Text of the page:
So, in your opinion, the X's air suspension could handle heavier TW as long as you stay within axle ratings?
Correct, about 1/3rd of the hitch weight is transferred back to the trailer tires when you set up correctly.
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Old 08-27-2020, 07:12 PM   #67
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Our Tesla Experiment

Andrew- I donít want to nit pick and this may be a typo but the front axle weight of 2460 slightly exceeds the axle capacity of 2447.

Thanks for performing this real world testing. This is what is needed to make the engineering improvements.

I would love to be around in 20 years to see what we are towing with.

Dan
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Old 08-27-2020, 09:32 PM   #68
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We're do you put the grill and the lp tank and the ground cover, leveling blocks, fire pit. Just wondering?
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Old 08-30-2020, 05:32 PM   #69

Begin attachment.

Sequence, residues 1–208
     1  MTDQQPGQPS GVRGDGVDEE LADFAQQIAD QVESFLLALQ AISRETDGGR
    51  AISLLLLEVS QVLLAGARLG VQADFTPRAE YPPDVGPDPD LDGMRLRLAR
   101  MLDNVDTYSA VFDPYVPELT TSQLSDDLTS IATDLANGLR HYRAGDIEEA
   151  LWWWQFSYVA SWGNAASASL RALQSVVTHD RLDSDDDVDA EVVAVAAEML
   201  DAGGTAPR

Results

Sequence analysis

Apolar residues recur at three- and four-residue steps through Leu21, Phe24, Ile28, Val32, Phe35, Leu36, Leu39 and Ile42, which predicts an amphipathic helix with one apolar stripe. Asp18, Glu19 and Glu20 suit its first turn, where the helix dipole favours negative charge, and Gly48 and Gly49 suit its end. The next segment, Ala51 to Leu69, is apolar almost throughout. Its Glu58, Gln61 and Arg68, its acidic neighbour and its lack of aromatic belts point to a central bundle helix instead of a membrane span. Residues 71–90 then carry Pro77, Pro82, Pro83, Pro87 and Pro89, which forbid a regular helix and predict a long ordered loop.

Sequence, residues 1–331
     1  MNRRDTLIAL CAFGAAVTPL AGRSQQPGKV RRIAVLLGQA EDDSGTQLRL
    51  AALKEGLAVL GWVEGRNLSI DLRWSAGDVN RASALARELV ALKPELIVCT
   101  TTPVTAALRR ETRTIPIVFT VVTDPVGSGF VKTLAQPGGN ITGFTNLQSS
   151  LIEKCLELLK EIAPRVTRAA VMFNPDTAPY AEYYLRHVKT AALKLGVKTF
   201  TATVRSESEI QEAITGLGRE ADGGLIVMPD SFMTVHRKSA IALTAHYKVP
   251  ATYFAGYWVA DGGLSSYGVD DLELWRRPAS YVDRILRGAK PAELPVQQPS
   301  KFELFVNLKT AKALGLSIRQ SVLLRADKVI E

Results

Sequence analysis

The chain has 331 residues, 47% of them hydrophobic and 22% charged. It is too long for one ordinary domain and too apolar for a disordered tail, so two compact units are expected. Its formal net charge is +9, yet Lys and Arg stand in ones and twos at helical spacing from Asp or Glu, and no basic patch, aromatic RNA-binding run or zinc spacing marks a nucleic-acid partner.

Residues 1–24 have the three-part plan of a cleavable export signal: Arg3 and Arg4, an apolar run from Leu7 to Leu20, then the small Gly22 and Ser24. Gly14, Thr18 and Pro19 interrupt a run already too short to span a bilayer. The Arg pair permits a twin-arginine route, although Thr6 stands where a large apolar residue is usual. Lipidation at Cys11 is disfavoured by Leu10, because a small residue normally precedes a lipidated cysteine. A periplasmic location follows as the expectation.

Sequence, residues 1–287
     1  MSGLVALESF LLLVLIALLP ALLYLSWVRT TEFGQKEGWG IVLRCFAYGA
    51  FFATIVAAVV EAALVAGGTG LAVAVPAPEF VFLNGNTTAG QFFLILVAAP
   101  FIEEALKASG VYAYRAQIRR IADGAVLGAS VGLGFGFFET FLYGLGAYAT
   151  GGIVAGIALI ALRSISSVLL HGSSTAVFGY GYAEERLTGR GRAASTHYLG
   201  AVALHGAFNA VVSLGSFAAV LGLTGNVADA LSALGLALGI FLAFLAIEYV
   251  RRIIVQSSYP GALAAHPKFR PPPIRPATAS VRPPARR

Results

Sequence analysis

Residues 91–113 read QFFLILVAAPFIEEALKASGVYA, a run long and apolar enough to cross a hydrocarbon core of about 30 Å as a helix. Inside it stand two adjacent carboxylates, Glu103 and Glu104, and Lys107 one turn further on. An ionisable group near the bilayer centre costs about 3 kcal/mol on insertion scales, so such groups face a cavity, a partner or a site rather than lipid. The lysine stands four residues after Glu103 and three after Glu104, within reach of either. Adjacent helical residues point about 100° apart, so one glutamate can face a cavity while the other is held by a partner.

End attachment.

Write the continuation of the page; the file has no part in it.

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We're do you put the grill and the lp tank and the ground cover, leveling blocks, fire pit. Just wondering?


When we were modifying the Tommy one of the things we did was turn the bed sideways. This gives us a large exterior storage.
We carry the Screen room ground cover hoses and a few other items in there. In the rear trunk we carry the folding outdoor table 4 lawn chairs, gun case( for the hitch stuff). In the front trunk are power cords and levelling blocks. Click image for larger version